Coronavirus International Research Team (COV-IRT) using NASA supercomputers to power Covid-19 research
Understanding how the novel coronavirus uses its spiked proteins on its exterior to enter cells will better help researchers to determine what drugs or therapies may be most effective against it
SARASOTA, Fla. (WWSB) -
NASA is flexing its supercomputing muscle to help crack some of the most pressing questions surrounding COVID-19, from basic science on how the virus interacts with cells in the human body to genetic risk factors to screening for potential therapeutic drugs.
Supercomputer models at NASA’s Ames Research Center are typically used for projects simulating the movements of air masses and water around the planet to study Earth's climate, or even hunting for exoplanets. It is now being used to study the Coronavirus at an atomic level, while using the advanced abilities of NASA’s supercomputers.
"You look at protein structures that gives you insight, let’s say there are certain proteins that are associated with certain regions that are associated with SARS-2 or COVID-19,” says Dr. Afshin Beheshti, Bioinformatician and Principal Investigator, KBR at NASA Ames Research Center. He is the Co-Lead of the COVID-19 International Research Team (COV-IRT).
Ames’ supercomputing power is being drafted to look at the genetic risk factors associated with COVID-19 patients developing Acute Respiratory Distress Syndrome, or ARDS. ARDS is a complication of COVID-19 that occurs when the disease causes fluid to build up in the lungs, which often requires a ventilator to help patients breathe. The supercomputers are also being used on how the Novel Coronavirus uses its spiked proteins on its exterior to enter cells will better help researchers to determine what drugs or therapies may be most effective against it. Once in the cell, the Novel Coronavirus hijacks the cell’s functions to replicate itself, so more virus can spread through the body.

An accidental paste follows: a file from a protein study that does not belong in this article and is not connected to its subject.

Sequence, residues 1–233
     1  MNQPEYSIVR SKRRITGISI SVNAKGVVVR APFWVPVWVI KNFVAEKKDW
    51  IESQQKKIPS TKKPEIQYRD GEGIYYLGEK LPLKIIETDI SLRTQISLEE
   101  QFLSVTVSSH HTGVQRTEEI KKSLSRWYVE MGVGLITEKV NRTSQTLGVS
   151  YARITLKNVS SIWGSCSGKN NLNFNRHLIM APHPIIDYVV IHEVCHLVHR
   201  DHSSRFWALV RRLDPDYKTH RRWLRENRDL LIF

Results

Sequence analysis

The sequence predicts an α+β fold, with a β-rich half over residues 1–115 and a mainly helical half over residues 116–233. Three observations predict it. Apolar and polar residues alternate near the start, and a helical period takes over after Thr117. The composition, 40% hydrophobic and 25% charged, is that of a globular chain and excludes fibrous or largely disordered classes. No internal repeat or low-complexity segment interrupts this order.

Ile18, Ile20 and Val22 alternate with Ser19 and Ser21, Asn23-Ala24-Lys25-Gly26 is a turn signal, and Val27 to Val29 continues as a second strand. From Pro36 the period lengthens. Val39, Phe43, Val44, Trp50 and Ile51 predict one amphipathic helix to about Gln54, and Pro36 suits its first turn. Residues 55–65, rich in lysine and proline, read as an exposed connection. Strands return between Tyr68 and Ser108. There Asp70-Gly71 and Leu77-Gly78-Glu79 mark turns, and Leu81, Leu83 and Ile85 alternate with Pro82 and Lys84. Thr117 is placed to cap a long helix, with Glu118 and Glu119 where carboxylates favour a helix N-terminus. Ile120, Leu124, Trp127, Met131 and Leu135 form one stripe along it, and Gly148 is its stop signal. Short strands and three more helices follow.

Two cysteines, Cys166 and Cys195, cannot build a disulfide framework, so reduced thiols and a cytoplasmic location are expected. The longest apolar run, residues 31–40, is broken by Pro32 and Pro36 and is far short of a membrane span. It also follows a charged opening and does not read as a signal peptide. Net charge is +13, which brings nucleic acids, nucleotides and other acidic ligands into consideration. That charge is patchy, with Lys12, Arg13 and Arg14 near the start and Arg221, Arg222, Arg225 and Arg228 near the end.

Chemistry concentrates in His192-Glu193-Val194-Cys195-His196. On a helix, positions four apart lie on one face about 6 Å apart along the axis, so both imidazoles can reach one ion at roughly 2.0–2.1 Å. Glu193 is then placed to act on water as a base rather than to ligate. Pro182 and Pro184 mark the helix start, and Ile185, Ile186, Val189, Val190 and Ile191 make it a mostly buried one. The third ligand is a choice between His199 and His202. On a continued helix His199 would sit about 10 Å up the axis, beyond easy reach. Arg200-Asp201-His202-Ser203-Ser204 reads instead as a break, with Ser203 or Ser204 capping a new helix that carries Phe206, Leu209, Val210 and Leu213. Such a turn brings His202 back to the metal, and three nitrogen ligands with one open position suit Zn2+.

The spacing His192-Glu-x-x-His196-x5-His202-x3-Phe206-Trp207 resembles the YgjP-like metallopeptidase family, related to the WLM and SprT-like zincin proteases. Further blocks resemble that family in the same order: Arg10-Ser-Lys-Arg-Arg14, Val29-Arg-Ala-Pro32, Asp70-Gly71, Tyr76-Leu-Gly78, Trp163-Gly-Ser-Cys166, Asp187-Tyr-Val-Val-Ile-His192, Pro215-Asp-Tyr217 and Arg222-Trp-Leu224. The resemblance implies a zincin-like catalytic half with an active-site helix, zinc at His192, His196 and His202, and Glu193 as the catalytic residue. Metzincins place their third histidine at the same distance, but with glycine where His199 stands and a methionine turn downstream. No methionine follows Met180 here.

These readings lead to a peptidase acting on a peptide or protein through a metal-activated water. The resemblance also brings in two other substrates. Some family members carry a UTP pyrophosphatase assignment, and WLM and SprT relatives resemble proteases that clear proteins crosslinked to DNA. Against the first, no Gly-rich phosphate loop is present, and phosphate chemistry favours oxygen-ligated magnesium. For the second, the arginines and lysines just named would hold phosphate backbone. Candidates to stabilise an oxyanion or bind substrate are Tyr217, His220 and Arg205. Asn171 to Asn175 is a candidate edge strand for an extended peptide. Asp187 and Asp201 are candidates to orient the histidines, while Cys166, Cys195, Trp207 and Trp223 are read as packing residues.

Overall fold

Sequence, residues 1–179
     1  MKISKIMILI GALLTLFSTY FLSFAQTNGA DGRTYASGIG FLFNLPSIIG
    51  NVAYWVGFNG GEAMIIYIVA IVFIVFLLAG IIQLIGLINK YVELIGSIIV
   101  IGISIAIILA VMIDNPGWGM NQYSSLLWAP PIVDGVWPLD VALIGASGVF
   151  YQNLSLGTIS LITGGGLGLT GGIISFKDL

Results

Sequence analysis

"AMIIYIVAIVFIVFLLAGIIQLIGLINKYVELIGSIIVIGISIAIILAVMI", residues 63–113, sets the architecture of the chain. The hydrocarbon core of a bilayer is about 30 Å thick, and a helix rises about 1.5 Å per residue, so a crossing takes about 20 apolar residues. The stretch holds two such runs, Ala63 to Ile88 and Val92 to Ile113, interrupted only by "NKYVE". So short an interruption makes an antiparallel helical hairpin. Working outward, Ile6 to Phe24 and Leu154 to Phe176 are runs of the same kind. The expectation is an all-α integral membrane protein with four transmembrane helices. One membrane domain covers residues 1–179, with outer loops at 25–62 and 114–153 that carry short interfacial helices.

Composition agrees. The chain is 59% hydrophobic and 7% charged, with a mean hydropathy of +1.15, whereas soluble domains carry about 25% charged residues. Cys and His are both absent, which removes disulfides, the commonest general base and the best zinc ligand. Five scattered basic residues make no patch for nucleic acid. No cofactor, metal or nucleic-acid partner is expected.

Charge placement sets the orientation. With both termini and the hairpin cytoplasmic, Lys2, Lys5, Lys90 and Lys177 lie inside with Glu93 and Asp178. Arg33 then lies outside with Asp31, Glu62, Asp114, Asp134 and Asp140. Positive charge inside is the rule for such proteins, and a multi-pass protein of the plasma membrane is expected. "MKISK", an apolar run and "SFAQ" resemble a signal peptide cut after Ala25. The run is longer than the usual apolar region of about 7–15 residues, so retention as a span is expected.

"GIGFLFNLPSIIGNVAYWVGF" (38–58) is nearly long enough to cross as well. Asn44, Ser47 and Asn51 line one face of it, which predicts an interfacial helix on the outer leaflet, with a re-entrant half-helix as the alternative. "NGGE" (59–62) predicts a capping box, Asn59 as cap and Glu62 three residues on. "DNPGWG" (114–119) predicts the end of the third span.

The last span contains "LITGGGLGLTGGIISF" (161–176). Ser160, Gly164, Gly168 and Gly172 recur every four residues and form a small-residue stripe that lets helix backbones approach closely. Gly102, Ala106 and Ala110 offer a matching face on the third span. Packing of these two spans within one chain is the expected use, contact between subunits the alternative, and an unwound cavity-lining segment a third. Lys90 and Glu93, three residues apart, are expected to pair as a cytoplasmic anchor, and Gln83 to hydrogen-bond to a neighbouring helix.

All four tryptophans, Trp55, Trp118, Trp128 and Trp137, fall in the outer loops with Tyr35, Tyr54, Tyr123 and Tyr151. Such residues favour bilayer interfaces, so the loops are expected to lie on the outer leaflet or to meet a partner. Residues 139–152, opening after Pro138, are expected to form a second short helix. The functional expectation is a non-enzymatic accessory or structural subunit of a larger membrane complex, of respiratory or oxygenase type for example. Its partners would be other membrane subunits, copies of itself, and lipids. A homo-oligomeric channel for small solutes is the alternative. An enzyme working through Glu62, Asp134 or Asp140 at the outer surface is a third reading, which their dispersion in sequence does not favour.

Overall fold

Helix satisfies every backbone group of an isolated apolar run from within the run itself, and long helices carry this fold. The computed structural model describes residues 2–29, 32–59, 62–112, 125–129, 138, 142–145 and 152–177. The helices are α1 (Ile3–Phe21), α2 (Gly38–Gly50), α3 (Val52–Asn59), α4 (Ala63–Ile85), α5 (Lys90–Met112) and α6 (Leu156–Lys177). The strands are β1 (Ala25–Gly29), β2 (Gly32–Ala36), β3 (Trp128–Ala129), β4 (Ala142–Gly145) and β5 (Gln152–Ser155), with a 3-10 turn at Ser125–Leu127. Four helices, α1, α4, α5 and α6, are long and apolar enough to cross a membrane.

Dr. Beheshti says, "When you look at these proteins you get the insight on possible ways that you can target something on the virus itself because there might be weaker links in the protein. For example, there are things that you don't know until you run the models and figure out how the structure is."
Beheshti believes that his team has put together a well-formed hypothesis that could ultimately help in the fight against the Coronavirus. This is by targeting mitochondria, which is a fuel your body needs.
"If you have been tested positive and before it's in full blown effect, you can take possibly some medications that we could look into and other people can look into, to actually prevent that from happening. You might get affected, but then you won't get any of the symptoms, your helping to prevent the symptoms I would say.
The MIT software that will run on the supercomputer produces new 3D models of the molecules from their known chemical compositions. This allows the computer to represent the molecule more accurately, so that, when presented with a new molecule it hasn’t seen before, it can better predict whether it will bind with the novel Coronavirus.
The trained algorithm can then look at a catalogue of existing therapeutic drugs at the molecular level to find those that contain molecules that are likely to be biologically active against the novel Coronavirus. Drugs that have already been approved by the U.S. Food and Drug Administration or similar agencies worldwide as safe for patients are the fastest route to finding drugs that can be used soonest in hospitals to treat the novel Coronavirus, according to NASA’s Earth Science News Team.
Patients who have tested positive for COVID-19, and are asymptomatic could also play a role in helping to find a cure for the virus. Dr Beheshti says they are working with various facilities for on-going testing. These would be facilities that have Internal Board Review policies in place.
For more information on COV-IRT and how to share samples and data to help fight against the virus visit www.cov-irt.org
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